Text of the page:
SDPD: For more information on police recruiting, monthly crime statistics, safety concerns or citizen online reporting, residents can visit the San Diego Police Department’s website at www.sandiego.gov/police.  If you are interested in starting a neighborhood watch for your community, feel free to contact me at ssteffen@pd.sandiego.gov for more information or to schedule a date and to get started.

 

Further Reading

[divider]

[toggle_box title=”Did You Know?” width=”500″]Did You Know?
In 1850, the San Diego City Council decided to build a town jail.  Not only did the $5,000 construction cost bankrupt the city, four hours after the first prisoner was incarcerated he dug his way through the wall with a pocket knife and escaped.
Source:  www.sandiego.gov

Did You Know?
The first San Diego police uniform (circa 1889) consisted of derby hats, coats with high collars and badges with seven-point stars.  Chief Joseph Coyne was paid $125 a month, his officers $100 a month; and they worked 12-hour days, seven days a week.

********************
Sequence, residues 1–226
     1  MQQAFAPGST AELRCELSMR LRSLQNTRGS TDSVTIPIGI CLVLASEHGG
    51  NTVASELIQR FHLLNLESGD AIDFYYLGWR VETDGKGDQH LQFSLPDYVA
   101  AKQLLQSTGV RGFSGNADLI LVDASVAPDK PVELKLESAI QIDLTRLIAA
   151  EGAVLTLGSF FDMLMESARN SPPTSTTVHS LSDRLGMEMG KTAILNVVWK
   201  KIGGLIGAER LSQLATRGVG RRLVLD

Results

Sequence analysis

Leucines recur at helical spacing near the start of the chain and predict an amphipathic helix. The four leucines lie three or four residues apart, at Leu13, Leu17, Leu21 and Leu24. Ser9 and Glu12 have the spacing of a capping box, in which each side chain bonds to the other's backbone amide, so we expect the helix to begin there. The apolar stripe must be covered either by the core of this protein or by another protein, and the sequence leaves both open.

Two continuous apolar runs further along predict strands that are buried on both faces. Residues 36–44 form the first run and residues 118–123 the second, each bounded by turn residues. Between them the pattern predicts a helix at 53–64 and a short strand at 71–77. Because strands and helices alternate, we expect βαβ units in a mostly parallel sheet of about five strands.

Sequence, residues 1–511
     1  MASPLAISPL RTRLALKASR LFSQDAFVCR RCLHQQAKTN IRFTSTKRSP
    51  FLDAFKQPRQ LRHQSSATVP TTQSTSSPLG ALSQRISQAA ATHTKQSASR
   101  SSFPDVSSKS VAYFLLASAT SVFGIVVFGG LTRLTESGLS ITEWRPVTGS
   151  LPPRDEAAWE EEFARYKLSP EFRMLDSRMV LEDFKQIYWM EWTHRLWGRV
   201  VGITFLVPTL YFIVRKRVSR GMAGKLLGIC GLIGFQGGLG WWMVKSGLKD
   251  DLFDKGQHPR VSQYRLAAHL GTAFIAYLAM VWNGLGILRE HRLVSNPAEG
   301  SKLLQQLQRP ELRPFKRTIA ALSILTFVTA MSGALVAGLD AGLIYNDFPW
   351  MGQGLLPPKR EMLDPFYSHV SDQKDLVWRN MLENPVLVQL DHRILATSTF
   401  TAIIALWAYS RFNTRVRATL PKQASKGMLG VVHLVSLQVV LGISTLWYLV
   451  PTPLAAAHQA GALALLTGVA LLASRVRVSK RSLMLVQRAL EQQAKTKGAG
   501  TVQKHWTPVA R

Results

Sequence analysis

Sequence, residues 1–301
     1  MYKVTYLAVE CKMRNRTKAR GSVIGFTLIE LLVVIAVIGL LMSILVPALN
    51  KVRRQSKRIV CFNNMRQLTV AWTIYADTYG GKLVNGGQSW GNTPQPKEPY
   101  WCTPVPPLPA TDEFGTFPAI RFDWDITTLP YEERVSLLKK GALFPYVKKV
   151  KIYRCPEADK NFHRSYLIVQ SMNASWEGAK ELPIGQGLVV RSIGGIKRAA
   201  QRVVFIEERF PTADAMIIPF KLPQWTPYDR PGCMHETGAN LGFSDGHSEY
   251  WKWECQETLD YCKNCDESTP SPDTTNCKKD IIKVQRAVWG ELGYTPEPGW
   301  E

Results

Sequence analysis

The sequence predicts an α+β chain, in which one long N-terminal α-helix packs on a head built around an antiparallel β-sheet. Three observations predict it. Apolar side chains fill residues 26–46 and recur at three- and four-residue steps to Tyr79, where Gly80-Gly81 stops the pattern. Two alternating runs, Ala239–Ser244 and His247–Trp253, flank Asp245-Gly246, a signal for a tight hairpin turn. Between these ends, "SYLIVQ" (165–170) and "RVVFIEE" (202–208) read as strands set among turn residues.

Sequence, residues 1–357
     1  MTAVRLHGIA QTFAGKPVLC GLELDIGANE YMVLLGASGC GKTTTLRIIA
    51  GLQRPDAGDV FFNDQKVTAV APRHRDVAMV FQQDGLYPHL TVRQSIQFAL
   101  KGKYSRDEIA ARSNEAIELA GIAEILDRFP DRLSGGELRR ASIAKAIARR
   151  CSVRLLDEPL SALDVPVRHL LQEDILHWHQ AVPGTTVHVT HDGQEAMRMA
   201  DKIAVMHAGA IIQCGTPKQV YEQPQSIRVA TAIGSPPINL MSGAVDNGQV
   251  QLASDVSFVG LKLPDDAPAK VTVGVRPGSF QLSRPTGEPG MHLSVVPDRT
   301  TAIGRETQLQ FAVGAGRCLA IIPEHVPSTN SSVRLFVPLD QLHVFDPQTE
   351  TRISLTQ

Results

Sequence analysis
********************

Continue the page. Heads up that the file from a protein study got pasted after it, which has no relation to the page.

Source:  www.sandiego.gov

Did You Know?
In 1889, San Diego mounted patrolmen furnished their own horses, but did receive an extra $100 a month for feed and care of their animals.  The modern mounted patrol began in 1934 in Balboa Park.  It was abolished in 1948, but was re-established in 1983 and remains active today.
Source:  www.sandiego.gov

Did You Know?
Residents in the Northeastern Division of the San Diego Police Dept. interested in creating a Neighborhood Watch program, joining R.S.V.P. or seeking information on other community/police issues may email Community Relations Officer Susan Steffen at ssteffen@pd.sandiego.gov.[/toggle_box] [toggle_box title=”San Diego Police Department’s History” width=”500″]

Prior to 1889, law enforcement in San Diego was handled by city marshals and constables.  Between 1845 and 1850, the town was under military control.  In 1850, the California State Senate drew up a charter providing for a five-man city council assisted by a marshal, an attorney, an assessor and a treasurer.  The voters chose Agostin Haraszthy as both sheriff and marshal.